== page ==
The mother was instructed how to obtain a temporary restraining order, which she refused.

“Ms. Bryant stated she just wants to get him some help,” Shannon said. “(I) also learned approximately a week earlier, the two had an argument at Walmart when she heard her dog start choking. Ms. Bryant stated Rick was in the backseat, strangling her dog.”

When asked why she chose not to contact law enforcement, Janelle Bryant told police that she did not want to cause “another argument.”

Deputy Shannon obtained two search warrants that evening at the 800 block of North Plains Park Drive. One was to search the residence, the other for Rick Bryant’s DNA.

“Upon arrival, (I) knocked and announced loudly, ‘Sheriff’s Office, search warrant,” followed by deputy Bradshaw’s advisement,” Shannon said. “This was an attempt to give the residents a chance to come to the door.”

Authorities said once it was clear that there was not anyone coming to answer the door, a forced entry was necessary.

“Upon entry into the home, (I) observed Mr. Bryant and his mother, Ms. Bryant, standing in the living room,” the deputy wrote. “Mr. Bryant was detained, and Ms. Bryant was escorted out of the residence.”

Rick Bryant waived his Miranda warning and chose to speak with deputy Shannon.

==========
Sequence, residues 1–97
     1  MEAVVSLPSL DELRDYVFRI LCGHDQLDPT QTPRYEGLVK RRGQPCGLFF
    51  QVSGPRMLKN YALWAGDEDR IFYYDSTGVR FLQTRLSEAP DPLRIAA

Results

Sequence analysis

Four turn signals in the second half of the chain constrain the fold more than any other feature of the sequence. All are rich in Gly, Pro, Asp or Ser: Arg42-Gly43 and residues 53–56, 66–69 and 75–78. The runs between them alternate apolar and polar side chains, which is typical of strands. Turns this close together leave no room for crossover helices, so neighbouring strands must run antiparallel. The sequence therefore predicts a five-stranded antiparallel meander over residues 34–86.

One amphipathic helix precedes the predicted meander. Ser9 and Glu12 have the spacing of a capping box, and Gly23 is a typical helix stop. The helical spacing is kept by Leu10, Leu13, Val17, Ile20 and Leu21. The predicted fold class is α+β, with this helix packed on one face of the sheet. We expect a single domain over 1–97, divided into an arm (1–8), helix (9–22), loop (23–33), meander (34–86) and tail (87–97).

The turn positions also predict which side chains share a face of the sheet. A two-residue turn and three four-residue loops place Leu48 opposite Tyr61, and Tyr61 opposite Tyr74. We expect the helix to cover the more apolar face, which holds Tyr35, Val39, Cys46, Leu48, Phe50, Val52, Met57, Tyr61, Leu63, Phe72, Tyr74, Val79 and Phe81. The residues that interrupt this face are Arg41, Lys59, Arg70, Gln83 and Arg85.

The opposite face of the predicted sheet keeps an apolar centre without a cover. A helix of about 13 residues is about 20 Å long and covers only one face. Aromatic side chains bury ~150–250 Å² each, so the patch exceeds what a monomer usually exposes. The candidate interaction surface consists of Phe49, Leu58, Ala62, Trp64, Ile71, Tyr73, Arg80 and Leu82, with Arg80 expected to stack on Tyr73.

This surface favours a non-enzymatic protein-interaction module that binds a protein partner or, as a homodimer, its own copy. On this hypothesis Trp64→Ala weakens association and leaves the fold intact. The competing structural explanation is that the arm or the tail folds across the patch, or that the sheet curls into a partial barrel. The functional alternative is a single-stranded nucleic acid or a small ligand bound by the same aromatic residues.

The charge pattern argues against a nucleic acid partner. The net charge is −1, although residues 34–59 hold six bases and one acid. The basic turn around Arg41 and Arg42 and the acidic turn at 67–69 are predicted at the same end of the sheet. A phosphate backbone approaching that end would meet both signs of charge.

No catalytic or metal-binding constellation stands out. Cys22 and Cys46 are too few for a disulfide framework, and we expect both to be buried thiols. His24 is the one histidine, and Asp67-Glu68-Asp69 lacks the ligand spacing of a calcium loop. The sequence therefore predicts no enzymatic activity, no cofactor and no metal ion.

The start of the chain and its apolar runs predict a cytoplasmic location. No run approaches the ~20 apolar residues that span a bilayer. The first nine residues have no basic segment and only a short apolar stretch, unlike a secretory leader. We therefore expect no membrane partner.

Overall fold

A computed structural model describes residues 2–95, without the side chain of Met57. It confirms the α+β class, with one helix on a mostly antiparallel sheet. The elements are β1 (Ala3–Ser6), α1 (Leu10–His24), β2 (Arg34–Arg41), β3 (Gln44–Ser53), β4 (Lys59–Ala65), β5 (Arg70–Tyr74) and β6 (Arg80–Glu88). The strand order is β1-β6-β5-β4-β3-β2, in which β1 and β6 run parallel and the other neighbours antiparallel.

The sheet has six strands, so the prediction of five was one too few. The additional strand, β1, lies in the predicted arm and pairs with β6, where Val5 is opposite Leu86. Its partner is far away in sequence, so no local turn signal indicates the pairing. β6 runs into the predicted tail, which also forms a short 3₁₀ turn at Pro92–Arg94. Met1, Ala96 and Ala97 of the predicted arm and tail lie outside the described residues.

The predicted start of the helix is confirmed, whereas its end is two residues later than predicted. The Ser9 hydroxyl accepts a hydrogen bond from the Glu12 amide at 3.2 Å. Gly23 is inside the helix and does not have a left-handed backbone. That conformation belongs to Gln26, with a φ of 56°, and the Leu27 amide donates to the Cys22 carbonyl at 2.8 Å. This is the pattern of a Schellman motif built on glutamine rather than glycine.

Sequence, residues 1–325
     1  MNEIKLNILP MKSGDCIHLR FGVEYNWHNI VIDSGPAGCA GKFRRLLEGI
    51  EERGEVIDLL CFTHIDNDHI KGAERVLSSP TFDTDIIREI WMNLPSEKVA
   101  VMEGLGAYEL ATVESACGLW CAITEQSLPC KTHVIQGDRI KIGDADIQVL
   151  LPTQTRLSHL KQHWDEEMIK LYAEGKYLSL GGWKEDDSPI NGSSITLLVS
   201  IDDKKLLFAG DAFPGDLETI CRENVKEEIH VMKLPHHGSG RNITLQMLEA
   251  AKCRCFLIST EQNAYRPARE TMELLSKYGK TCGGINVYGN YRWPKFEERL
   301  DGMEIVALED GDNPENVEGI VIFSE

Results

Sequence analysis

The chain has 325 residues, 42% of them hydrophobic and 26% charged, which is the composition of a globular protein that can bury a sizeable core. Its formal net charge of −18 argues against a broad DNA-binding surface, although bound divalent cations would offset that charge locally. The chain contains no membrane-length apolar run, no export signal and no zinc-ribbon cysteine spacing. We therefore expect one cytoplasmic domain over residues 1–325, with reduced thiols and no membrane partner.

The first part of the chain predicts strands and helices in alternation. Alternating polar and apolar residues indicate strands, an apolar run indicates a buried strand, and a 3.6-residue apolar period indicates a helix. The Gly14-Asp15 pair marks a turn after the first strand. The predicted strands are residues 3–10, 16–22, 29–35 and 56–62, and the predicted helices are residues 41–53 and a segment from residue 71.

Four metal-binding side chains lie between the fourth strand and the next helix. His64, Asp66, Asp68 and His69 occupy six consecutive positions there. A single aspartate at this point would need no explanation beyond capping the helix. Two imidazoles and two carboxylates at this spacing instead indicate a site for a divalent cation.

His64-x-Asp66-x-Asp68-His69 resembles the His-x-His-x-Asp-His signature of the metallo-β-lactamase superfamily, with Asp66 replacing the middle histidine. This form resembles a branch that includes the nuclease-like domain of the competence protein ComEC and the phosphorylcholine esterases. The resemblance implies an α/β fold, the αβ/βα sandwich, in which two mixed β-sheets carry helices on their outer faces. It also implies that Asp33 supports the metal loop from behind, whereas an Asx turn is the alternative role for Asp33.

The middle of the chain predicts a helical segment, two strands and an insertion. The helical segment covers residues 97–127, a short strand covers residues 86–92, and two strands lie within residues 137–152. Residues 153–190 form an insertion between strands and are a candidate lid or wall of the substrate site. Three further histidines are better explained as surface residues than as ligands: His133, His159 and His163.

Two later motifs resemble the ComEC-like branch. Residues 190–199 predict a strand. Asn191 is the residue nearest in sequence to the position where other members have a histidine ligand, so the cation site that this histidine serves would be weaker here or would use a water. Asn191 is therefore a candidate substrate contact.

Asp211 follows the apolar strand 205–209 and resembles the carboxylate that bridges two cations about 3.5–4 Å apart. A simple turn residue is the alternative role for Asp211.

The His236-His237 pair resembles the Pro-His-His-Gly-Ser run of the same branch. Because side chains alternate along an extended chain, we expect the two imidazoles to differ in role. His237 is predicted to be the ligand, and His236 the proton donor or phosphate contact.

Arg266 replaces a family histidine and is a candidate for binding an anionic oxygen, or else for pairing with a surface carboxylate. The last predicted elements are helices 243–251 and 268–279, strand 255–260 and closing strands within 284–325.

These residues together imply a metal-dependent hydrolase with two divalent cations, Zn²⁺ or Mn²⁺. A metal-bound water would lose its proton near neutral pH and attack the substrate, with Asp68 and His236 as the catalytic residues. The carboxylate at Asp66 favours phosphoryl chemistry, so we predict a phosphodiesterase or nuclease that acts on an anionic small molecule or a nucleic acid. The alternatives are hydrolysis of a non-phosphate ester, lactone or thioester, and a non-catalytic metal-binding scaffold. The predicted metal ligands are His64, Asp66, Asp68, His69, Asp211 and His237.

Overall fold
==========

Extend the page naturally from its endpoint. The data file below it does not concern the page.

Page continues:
“He stated that someone had shot his goat, possibly one of his neighbors, ‘I think,'” the deputy wrote. “(I) asked Mr. Bryant if he owns a firearm to which he replied, looked back and pointed, ‘I got a gun somewhere.'”

Bryant was unable to give police the location of his handgun, but told them he was allowed to carry a firearm even though he was a felon.

According to nmcourts.gov, Bryant’s previous criminal history includes an aggravated battery charge in 1994, which was later dismissed, a charge in both 1991 and 1994 of being under the influence of drugs or alcohol, where he was later found guilty for both, and in 2006, Bryant was charged with 14 felony charges of possession of a controlled substance. As a result, he received an 18-month sentence in 2007.

“He denied making any statements that he shot the goat,” Shannon wrote. “Mr. Bryant added that he was angry, but would not fire a weapon at the goat. (I) briefly spoke with Ms. Bryant regarding this matter, as she was quite upset.”

As authorities searched through and photographed the home, there were two cans of beer in the living room near a recliner. One was sealed and chilled, the other – open. In the same bedroom, eight assorted live rounds were located, along with a box of 31 rounds of 9mm ammunition.

Deputy David Hohle had advised that he located a 9mm Smith and Wesson containing six rounds in the magazine and another round in the chamber between the right armrest and cushion of the recliner near the cans of beer.

Bryant is charged for possession of a firearm or destructive device by a felon, a fourth-degree felony, extreme cruelty to animals, a fourth-degree felony and a petty misdemeanor charge of negligent use of a deadly weapon.

On Tuesday morning’s preliminary examination, Magistrate Judge E. J. Fouratt said the case was called for a continuance.

A fifth judicial district attorney is prosecuting the case in Chaves County Magistrate Court, while Bryant is being defended by Thomas E. Lilly.

Multimedia-Crime reporter Trevier Gonzalez can be reached at 575-622-7710, ext. 301, or at breakingnews@rdrnews.com.